Is an $84,000 Hepatitis Drug Too Expensive?

The debate over drug prices is heating up as insurers clash with pharmaceutical companies over a wave of expensive new products.

A pharmacist pours Truvada pills back into the bottle at Jack's Pharmacy on November 23, 2010 in San Anselmo, California.
National Journal
Sam Baker
Add to Briefcase
See more stories about...
Sam Baker
May 29, 2014, 1 a.m.

An $84,000 hep­at­it­is drug called Sovaldi is at the cen­ter of a new battle between phar­ma­ceut­ic­al com­pan­ies and in­surers — but the fight is about much more than one drug.

Sovaldi costs $1,000 per day, or $84,000 for a full treat­ment, and cures 90 per­cent of hep­at­it­is C pa­tients who take it. In­surers say the drug is ri­dicu­lously over­priced; the phar­ma­ceut­ic­al in­dustry says it’s a steal.

But the de­bate here isn’t simply about one hep­at­it­is drug. Sovaldi is more like a single skir­mish that has reawakened a broad­er, deep­er, and high­er-stakes cold war over the cost of pre­scrip­tion drugs. Of­fi­cials in both in­dus­tries say that even if Sovaldi’s man­u­fac­turer, Gilead, slashed its prices, the newly in­tens­i­fied battle between in­surers and pharma com­pan­ies wouldn’t re­cede: Sovaldi is just the be­gin­ning.

Sovaldi is a light­ning rod be­cause in­surers and con­sumer ad­voc­ates are afraid it’s a sign of what’s to come. The drug pipeline is full of drugs like Sovaldi, and in­surers say that flood of new, ex­pens­ive products will cause health care spend­ing to skyrock­et.

“I think that this one drug is the ca­nary in the coal mine. It’s one that is out front and one of the first ones we’re see­ing, but there are a lot more down the pipeline,” said Brendan Buck, a spokes­man for Amer­ica’s Health In­sur­ance Plans.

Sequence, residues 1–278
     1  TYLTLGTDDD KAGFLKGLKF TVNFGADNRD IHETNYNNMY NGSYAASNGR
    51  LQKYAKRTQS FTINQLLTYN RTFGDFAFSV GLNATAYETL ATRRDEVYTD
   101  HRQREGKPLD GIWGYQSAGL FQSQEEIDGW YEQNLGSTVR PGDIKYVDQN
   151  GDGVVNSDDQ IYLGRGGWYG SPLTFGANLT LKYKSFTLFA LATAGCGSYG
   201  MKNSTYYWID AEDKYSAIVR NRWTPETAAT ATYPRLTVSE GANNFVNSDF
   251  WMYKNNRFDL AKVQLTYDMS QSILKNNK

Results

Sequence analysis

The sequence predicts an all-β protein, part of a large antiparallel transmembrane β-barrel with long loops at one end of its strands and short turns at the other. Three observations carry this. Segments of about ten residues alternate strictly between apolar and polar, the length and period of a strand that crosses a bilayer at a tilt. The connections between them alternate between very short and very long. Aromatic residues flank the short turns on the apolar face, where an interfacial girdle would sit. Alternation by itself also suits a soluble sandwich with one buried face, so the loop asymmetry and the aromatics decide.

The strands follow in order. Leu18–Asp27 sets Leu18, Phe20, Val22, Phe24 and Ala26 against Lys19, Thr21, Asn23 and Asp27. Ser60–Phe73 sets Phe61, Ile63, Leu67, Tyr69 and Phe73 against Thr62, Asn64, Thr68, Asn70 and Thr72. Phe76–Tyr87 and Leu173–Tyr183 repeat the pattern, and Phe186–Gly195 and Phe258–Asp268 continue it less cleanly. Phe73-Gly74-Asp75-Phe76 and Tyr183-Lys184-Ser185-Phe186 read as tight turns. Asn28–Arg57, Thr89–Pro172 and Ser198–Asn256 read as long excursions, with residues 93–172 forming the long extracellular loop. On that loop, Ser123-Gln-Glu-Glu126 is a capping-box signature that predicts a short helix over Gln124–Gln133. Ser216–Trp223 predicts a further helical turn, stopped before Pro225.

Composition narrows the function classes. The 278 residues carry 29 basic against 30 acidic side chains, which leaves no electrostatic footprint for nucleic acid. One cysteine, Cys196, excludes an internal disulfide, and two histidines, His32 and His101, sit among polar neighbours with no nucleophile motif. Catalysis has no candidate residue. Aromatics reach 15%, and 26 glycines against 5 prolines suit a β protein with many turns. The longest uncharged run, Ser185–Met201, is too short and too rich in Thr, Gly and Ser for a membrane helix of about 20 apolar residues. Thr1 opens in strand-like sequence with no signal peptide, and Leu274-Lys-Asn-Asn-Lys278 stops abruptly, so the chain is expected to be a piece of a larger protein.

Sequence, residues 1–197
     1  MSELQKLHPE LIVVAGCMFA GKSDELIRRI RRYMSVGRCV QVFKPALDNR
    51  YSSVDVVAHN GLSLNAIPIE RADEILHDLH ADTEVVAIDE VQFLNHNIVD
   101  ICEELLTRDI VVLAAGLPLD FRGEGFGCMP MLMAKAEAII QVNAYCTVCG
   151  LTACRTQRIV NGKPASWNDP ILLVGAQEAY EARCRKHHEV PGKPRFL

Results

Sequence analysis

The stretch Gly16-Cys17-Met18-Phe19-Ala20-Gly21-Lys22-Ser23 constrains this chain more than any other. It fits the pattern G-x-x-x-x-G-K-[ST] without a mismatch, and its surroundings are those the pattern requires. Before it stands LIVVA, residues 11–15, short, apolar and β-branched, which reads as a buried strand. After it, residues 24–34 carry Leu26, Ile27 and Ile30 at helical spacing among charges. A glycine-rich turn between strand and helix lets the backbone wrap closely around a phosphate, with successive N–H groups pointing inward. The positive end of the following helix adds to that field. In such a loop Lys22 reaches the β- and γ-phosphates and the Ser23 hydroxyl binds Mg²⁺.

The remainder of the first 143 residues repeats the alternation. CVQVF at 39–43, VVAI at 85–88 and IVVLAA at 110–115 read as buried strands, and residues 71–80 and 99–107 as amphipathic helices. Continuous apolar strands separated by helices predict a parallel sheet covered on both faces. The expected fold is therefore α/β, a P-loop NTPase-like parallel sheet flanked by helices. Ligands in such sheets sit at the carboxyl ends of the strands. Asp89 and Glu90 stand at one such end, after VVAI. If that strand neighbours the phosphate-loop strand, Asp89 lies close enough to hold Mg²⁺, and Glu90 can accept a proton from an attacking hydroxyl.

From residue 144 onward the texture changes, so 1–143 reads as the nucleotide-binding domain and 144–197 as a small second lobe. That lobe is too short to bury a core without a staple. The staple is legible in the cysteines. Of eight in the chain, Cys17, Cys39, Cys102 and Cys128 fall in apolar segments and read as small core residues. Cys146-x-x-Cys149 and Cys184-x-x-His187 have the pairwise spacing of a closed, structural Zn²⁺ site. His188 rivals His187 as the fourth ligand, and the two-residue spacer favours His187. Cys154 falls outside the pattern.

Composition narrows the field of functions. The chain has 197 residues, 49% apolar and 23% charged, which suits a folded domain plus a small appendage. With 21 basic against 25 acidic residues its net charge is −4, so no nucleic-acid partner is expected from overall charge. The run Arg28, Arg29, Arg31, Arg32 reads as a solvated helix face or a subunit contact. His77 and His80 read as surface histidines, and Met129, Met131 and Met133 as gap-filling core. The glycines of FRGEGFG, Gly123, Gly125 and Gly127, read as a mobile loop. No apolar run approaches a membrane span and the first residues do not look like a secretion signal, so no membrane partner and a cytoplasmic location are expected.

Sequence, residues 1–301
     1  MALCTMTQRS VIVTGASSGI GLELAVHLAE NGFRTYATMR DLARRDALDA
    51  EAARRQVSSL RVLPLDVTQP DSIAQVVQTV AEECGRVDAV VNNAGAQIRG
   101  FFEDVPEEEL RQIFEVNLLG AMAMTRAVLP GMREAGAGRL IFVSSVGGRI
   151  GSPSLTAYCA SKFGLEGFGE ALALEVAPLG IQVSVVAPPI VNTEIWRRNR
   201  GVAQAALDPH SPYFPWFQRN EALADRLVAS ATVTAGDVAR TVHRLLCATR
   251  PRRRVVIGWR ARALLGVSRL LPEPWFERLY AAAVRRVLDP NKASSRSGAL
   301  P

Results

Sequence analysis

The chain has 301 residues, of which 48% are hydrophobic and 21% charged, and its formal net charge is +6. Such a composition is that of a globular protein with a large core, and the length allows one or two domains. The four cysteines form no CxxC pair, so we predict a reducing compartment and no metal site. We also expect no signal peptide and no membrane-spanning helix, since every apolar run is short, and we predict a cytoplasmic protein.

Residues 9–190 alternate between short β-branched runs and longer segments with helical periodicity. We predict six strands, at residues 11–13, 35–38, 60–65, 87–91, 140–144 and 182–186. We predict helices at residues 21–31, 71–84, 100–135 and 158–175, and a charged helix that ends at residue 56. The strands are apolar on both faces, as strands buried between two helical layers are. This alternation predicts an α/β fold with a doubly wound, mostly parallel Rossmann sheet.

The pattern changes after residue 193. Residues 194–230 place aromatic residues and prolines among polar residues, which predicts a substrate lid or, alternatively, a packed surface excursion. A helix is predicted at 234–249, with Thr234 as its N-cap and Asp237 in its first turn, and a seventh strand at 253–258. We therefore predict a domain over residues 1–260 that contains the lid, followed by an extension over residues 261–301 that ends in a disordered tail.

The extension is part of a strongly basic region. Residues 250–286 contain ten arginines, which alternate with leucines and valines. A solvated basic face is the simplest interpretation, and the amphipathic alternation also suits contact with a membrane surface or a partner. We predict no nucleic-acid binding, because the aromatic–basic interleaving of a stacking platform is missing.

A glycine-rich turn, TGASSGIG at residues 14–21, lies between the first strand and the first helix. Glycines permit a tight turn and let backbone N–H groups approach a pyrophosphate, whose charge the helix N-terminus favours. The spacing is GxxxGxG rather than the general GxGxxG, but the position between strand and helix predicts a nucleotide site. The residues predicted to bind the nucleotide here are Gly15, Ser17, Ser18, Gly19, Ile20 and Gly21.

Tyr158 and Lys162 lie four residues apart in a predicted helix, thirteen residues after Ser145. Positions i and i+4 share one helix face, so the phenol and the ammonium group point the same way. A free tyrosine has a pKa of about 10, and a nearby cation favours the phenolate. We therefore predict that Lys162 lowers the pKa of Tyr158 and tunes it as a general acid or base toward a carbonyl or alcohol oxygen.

Un­til Sovaldi, the class of products known as “spe­cialty drugs” was mainly tailored to re­l­at­ively rare con­di­tions. The drugs are com­plex, which makes them more ex­pens­ive to pro­duce, driv­ing up the price for con­sumers. And be­cause they treat rarer con­di­tions, there were few­er po­ten­tial cus­tom­ers — an­oth­er factor driv­ing up prices.

Spe­cialty drugs have al­ways been ex­pens­ive. They ac­count for roughly 25 per­cent of U.S. spend­ing on pre­scrip­tion drugs, but just 1 per­cent of all pre­scrip­tions, ac­cord­ing to a newly formed co­ali­tion lob­by­ing for lower prices.

But Sovaldi set off a par­tic­u­lar shock wave largely be­cause it treats a more com­mon ail­ment — some 3 mil­lion people have hep­at­it­is C. They can’t all af­ford an $84,000 course of treat­ment, but still, crit­ics ar­gue, the drug’s large po­ten­tial cus­tom­er base means that a once-nar­row slice of drug spend­ing could ex­plode.

“If this sets a pat­tern for oth­er drugs then we’re really in deep trouble “¦ it’s the com­bin­a­tion of the price and the volume,” said John Roth­er, who helped start the Co­ali­tion for Sus­tain­able Rx Pri­cing. The new or­gan­iz­a­tion, which also in­cludes AARP and oth­er health care ad­voc­ates, launched Wed­nes­day.

The phar­ma­ceut­ic­al in­dustry says crit­ics are miss­ing the point. Yes, Sovaldi is ex­pens­ive, it ar­gues, but that’s be­cause it works. Sovaldi cures about 90 per­cent of pa­tients with a com­mon form of hep­at­it­is C with­in its 12-week course.

Spend­ing $84,000 on a cure might seem ex­pens­ive up front, but it’s a lot more ef­fi­cient in the long run than pay­ing for a string of less ef­fect­ive treat­ments, in­clud­ing hos­pit­al­iz­a­tions that run the risk of com­plic­a­tions, the drug in­dustry says.

A re­port from Optum, a con­sult­ing sub­si­di­ary of United Health­care, agrees. Even very ex­pens­ive drugs can be cost-ef­fect­ive if they work well enough, Optum said in a re­port is­sued be­fore Sovaldi’s price was re­leased.

“It is cer­tainly pos­sible that the com­bin­a­tion of high­er cure rates and re­duced side ef­fects, com­bined with re­duced treat­ment times, may mean even great­er cost-ef­fect­ive­ness in the fu­ture,” Optum’s ana­lysts wrote.

A phar­ma­ceut­ic­al in­dustry of­fi­cial said in­surers’ ef­fort to crack down on Sovaldi and oth­er spe­cialty drugs is short-sighted. The in­sur­ance in­dustry is un­der tre­mend­ous pres­sure to keep premi­ums low, es­pe­cially in the first few years of Obama­care en­roll­ment, and it’s re­act­ing to that pres­sure by steer­ing health pro­viders and con­sumers away from products that are more ex­pens­ive in the short term, the of­fi­cial said — but is run­ning the risk of fore­go­ing longer-term sav­ings.